Governor Breathitt fought hard for the public accommodations bill. And although it was unsuccessful in 1964, in 1966 the Kentucky General Assembly passed the Kentucky Civil Rights Act. Dr. King called it “the strongest and most comprehensive civil rights bill passed by a Southern state.” The law prohibits discrimination in employment and public accommodations and empowers cities to enact local laws against housing discrimination. [A Kentucky Civil Rights Timeline, http://www.ket.org/civilrights/timeline.htm]
See the exhibit in the Photographic Archives Gallery, Lower Level Ekstrom Library, University of Louisville. Open Monday – Friday, 8:00 a.m. – 5:00 p.m.
As announced during African American History Month last year , the University of Louisville Libraries has made its run of the Louisville Leader newspaper freely available online, and seeks the community’s assistance in transcribing the articles for enhanced access.
Articles from fall 1935 have recently been selected for transcription. In addition to local news and announcements, topics currently available for transcription and recently transcribed include nationally and internationally significant events, filtered through a local lens, such as:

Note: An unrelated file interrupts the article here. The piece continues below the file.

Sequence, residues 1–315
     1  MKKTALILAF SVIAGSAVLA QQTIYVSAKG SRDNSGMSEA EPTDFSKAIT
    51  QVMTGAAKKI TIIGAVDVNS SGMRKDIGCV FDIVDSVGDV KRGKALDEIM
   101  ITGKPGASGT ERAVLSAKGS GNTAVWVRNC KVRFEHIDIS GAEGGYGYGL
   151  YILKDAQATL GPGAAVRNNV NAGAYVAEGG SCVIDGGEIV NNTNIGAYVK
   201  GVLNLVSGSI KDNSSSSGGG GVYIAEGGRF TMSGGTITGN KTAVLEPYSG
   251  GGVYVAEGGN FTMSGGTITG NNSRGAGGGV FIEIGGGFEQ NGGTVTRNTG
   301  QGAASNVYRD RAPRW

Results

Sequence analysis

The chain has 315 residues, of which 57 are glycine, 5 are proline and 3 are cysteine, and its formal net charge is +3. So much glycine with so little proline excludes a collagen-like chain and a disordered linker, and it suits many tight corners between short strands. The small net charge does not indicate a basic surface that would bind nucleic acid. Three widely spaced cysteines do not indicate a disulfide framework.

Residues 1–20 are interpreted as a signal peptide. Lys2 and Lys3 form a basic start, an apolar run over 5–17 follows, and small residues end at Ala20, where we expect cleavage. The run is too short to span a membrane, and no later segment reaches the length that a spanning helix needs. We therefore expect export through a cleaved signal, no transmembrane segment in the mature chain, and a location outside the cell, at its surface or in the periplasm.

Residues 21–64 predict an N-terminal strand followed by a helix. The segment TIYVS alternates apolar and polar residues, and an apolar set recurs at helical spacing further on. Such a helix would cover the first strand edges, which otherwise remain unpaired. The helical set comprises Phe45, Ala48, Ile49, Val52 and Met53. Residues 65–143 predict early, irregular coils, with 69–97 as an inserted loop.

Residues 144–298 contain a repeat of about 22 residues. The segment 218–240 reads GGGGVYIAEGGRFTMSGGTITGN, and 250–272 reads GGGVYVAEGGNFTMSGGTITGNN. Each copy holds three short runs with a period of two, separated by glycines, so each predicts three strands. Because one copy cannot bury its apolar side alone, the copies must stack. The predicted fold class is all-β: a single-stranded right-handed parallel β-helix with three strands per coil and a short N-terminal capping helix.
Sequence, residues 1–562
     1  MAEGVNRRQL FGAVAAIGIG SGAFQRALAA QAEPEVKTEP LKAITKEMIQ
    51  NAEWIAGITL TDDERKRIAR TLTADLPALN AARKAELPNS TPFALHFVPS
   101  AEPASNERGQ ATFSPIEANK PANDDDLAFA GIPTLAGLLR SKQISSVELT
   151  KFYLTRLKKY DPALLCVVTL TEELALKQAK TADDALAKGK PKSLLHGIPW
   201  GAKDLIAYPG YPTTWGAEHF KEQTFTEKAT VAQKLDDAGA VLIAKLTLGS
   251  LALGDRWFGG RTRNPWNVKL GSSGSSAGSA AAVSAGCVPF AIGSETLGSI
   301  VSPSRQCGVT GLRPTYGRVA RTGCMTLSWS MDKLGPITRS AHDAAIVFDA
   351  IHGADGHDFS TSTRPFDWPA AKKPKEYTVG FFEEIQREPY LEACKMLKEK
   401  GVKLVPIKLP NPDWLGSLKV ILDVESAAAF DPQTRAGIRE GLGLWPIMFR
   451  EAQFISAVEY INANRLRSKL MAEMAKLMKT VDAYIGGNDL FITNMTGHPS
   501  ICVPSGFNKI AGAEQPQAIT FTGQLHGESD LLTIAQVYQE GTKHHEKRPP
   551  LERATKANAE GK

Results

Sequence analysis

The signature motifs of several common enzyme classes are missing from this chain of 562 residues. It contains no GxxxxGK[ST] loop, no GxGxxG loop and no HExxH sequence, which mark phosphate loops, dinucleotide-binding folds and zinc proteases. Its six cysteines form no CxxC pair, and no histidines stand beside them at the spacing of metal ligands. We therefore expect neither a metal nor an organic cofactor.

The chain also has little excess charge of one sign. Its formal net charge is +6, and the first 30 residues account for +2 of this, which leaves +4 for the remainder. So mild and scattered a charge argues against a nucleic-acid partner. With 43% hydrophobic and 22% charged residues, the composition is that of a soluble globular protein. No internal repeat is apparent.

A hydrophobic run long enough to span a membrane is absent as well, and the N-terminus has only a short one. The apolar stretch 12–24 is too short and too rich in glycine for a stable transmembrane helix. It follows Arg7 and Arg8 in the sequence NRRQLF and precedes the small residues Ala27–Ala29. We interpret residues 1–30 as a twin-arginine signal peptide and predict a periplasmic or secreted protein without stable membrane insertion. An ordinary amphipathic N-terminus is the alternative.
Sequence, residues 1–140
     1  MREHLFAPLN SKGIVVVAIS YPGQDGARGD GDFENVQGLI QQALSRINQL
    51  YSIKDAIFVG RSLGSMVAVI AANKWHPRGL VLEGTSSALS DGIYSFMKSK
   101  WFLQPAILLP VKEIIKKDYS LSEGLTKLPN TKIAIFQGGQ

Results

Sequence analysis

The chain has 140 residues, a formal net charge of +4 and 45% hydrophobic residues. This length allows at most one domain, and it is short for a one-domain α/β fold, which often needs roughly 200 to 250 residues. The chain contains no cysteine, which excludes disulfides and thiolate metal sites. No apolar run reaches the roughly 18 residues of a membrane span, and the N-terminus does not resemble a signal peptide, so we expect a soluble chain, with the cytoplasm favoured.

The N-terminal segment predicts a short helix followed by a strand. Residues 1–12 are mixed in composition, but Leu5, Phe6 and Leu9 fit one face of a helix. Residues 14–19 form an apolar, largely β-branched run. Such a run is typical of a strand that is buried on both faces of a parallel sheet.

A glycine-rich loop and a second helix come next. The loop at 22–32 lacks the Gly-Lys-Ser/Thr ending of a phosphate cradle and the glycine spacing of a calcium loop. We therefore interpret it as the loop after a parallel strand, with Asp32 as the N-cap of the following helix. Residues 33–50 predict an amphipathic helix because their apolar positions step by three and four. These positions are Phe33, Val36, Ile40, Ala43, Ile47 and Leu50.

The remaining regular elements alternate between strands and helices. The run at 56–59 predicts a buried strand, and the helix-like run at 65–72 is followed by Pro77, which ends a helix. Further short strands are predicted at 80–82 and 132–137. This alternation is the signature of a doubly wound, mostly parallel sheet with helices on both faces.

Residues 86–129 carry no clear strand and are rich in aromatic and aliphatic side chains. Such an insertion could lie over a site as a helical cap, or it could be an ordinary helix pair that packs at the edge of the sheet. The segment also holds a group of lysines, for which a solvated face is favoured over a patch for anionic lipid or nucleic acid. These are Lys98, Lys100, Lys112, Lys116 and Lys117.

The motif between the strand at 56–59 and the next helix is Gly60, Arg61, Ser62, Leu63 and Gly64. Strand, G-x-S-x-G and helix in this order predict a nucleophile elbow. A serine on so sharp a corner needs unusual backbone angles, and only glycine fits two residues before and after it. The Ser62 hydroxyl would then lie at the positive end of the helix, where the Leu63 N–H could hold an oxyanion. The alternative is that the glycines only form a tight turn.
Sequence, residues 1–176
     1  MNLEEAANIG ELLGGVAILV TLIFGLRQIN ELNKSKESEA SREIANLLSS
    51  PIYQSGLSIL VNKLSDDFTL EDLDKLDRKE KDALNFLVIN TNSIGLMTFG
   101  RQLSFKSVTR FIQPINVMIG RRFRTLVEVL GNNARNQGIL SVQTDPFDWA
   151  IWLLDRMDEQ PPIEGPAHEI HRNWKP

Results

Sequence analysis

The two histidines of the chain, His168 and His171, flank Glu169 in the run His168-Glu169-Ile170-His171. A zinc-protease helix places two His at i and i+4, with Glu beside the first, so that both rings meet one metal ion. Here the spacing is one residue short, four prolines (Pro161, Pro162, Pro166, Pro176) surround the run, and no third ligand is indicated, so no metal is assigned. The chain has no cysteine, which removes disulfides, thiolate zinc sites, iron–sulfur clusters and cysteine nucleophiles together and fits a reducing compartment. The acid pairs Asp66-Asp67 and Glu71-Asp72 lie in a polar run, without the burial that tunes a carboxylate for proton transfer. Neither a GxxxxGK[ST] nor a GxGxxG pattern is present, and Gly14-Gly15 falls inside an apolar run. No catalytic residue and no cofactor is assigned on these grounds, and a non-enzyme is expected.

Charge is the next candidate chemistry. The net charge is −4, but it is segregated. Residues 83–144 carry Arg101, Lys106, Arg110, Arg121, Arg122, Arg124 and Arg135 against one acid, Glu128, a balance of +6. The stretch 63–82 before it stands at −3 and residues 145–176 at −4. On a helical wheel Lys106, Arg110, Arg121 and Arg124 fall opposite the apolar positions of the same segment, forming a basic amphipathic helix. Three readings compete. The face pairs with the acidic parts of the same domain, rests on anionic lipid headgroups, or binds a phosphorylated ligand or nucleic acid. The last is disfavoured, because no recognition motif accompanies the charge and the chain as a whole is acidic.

- Boxing’s “Brown Bomber,” Joe Louis, defeated Max Baer in New York in late September. Leader editors and readers were in attendance (calls for carpools were published in the weeks leading up to the fight), and New York-based former Louisville Municipal College instructor Earl Brown wrote an exclusive article on the event for the October 5 edition.
- The Mussolini-led Kingdom of Italy encroached on the Haile Selassie-led Ethiopian Empire in what became the Second Italo-Ethiopian War. Leader editors and readers noted parallels between the Fascist regime’s treatment of the African nation and their own treatment in Jim Crow America. They also noted the bias of the mainstream (white) media, singling out editorials by Hearst Newspapers’ Arthur Brisbane and Scripps-Howard columnist Westbrook Pegler.
- The death of Thomas Blue, head of what was then known as the Colored Department of the Louisville Free Public Library, resulted in a Leader obituary heralding his status as the first — and, at that point, only — person of color appointed to head a public library department in the United States.
- In another first, Republican Charles W. Anderson, Jr. was elected to represent the 58th Legislative District (Louisville 11th and 12th wards) in the Kentucky State House of Representatives. He was the first African American legislator elected in the South since Reconstruction.